• “Kevin is an active duty police officer, not someone with no experience.”

        Keeping in mind that I have no idea who “Kevin” is, let’s examine this claim shall we?

        For the purposes of examination I will assume that your statement is correct.

        Kevin is a cop. How often does he get to be on the receiving end of the police rolling up on his DGU when he’s not in uniform? Probably never but certainly nearly never. When he calls 911 after his DGU does he identify himself as a cop? Nearly certainly. Once the police are on scene and have established his identity does Keven get treated the way the rest of us non-LEO’s do? This is what might well be called a “whole different kettle of fish” because Kevin is not just someone OCing legally or with a CCW permit.

        Yeah, Kevin’s opinion is a theoretical based on what he’d like to think he’d do in a situation where he knows more than he actually does IRL. In other words, I take his opinion with a grain of salt because, quite frankly, I expect Keven to shoot my ass and even if Kevin doesn’t shoot my ass there’s a pretty good chance his retard partner Bob will.

        The fact that he hasn’t fucked up yet doesn’t mean that he won’t. Now, don’t take that as a knock on Kevin, I’m merely pointing out he’s human and therefore makes mistakes. I’m also pointing out that for every good cop like Kevin (assuming he’s right about what he says) there is at least one other cop who’s a shitbird and the funny thing about GSW’s is that they don’t tend to give a fuck about the intelligence or the intentions of the person who caused them.

        Given the situation and where the information is coming from it sounds like Kevin’s opinion doesn’t outweigh my personal experience. At absolute best be moves this from 3/3 to 3/4.

  7. The threat is neutralized perhaps as late as when I see or hear the police pull up. I will reholster then and then only unless I am going to administer aid to any of the wounded. I do agree that I want to do that early enough that the Po-Po don’t see me as a potential threat. But as JK says above, I want to ensure that there are no more threats. In some of the sketchy areas I try to avoid, I would worry about somebody’s crew showing up before the police arrived.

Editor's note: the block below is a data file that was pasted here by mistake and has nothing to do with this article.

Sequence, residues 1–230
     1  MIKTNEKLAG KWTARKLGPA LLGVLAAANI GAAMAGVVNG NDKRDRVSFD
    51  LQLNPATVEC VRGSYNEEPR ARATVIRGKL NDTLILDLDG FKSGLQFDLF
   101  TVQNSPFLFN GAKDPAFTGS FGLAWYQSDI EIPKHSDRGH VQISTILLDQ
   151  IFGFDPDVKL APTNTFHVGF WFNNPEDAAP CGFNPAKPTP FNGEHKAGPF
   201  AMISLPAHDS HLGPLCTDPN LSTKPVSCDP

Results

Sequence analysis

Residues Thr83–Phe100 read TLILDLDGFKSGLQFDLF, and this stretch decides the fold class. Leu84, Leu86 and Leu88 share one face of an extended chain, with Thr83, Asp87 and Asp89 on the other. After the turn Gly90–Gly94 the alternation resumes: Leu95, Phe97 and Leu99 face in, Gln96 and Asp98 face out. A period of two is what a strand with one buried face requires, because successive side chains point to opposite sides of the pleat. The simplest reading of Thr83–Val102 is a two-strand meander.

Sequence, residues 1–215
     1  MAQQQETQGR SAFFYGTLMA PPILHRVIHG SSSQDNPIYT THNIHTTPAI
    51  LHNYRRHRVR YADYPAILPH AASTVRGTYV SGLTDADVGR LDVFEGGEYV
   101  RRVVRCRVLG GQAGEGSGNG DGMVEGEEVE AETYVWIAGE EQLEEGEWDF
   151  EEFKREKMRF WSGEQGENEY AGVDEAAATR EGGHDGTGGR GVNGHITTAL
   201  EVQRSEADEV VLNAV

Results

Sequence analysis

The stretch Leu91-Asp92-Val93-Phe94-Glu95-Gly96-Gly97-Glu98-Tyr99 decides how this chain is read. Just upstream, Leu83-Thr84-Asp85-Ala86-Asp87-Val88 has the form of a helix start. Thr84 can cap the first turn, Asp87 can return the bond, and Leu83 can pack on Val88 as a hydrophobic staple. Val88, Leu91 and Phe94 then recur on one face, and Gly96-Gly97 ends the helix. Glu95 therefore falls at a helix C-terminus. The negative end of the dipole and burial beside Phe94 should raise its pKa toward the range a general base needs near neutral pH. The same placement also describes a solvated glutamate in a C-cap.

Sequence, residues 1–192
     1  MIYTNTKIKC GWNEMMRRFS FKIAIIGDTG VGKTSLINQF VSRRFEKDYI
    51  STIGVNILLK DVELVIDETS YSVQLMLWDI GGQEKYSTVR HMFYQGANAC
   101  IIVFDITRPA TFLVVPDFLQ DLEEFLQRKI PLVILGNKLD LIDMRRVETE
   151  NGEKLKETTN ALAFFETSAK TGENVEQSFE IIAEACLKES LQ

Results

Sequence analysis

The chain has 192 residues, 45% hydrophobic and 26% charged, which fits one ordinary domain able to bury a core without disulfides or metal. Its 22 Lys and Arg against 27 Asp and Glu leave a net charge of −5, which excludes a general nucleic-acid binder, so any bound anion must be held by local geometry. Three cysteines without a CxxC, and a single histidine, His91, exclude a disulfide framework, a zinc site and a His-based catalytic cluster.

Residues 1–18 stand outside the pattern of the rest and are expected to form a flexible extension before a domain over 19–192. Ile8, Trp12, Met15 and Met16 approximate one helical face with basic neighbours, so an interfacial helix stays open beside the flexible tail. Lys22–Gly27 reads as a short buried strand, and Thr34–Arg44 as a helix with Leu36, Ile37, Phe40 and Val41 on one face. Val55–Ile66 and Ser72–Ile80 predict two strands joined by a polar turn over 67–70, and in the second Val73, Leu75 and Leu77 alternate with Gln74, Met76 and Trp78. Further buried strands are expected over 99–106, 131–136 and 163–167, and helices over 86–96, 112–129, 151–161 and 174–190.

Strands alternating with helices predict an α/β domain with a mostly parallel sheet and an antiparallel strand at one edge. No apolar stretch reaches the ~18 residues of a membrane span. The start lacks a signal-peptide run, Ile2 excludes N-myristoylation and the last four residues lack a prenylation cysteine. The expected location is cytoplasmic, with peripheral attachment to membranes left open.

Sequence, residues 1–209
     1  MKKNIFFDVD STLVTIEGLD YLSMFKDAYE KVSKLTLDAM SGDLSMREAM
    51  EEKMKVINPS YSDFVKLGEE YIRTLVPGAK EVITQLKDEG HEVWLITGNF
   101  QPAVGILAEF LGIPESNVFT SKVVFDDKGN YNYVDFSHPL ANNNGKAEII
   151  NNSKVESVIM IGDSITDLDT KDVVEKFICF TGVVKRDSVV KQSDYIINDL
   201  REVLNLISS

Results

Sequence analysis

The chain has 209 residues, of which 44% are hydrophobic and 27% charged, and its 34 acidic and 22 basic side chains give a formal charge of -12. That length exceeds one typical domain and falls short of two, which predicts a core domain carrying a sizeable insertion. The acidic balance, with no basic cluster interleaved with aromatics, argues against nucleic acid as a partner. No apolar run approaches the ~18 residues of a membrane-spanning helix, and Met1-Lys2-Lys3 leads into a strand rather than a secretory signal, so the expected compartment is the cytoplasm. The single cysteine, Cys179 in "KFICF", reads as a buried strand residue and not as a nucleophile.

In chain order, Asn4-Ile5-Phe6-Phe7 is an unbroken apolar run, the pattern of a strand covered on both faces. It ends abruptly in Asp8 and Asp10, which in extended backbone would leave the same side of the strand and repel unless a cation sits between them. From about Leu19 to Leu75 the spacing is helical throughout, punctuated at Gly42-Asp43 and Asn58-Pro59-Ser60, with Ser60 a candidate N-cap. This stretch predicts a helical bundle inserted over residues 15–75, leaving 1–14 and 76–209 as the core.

8. In IDPA, I use the same desantis IWB hybrid holster that I use for CCW. (I don’t think that collapsible holsters are even allowed.)

    I want a holster that I can practice with, drawing and firing. Reholster capability is essential to me.

  9. Seems to me this whole discussion is missing a big point in favor of using a design that makes it easy to re-holster the gun: practice. If you’re carrying a gun, you should probably be spending some time practicing your draw (with an empty gun, of course). Having a holster that you have to take off, re-holster, then re-position on your body every time you want to put the gun back in it is going to make such practice extremely tedious.

    • ^ Bingo.
      You need to practice the whole drill: Clear your cover garment, draw and fire, while trying to beat a shot timer.

      Reholster, rinse, repeat, ad nauseum.

      A collapsible holster makes this tedious and potentially dangerous.

  10. You are supposed to pull your gun back to your body and swivel your head left and right with a devilish grin on your face. I see it all the time on YouTube so it must be what you are supposed to do…

  11. It depends on your priorities. When concealment is a priority, low profile collapsible holsters do a great job of keeping your gun unobtrusive. Right now, due to winter conditions, I’m rocking an OWB kydex holster for ease of access. During the less Hoth-like months of the year, I roll with a simple leather IWB collapsible holster that lets me pack almost a full-size handgun unobtrusively.

    Realistically speaking, rapid re-holstering is a low probability need at the tail end of a low probability event. I’d be much more concerned about more mid-range probability issues such as reduced concealability or comfort.

    • A well made non-collapsible holster, of which there are many such as Mitch Rosen and High Noon or Cross Breed, add at most a quarter of an inch to the width of your rig, and the collapsibles are very nearly the same. And they greatly reduce the risk of an ND when reholstering a loaded gun. As the vid says, there is no way to do so safely without removing the collapsible holster. Maybe it is just the metal clip on the High Noon I have, but that sucker is HARD to get off and HARD to get repositioned in the exact spot that is most comfortable (especially without dropping my pants). So I am quite happy that it is not collapsible.

      That said, if you are pocket carrying, even with nothing else in that pocket, it is best to remove the holster before reholstering your gun.

    • pwrserge,

      You are SPOT on, “It depends on your priorities. When concealment is a priority, low profile collapsible holsters do a great job of keeping your gun unobtrusive.”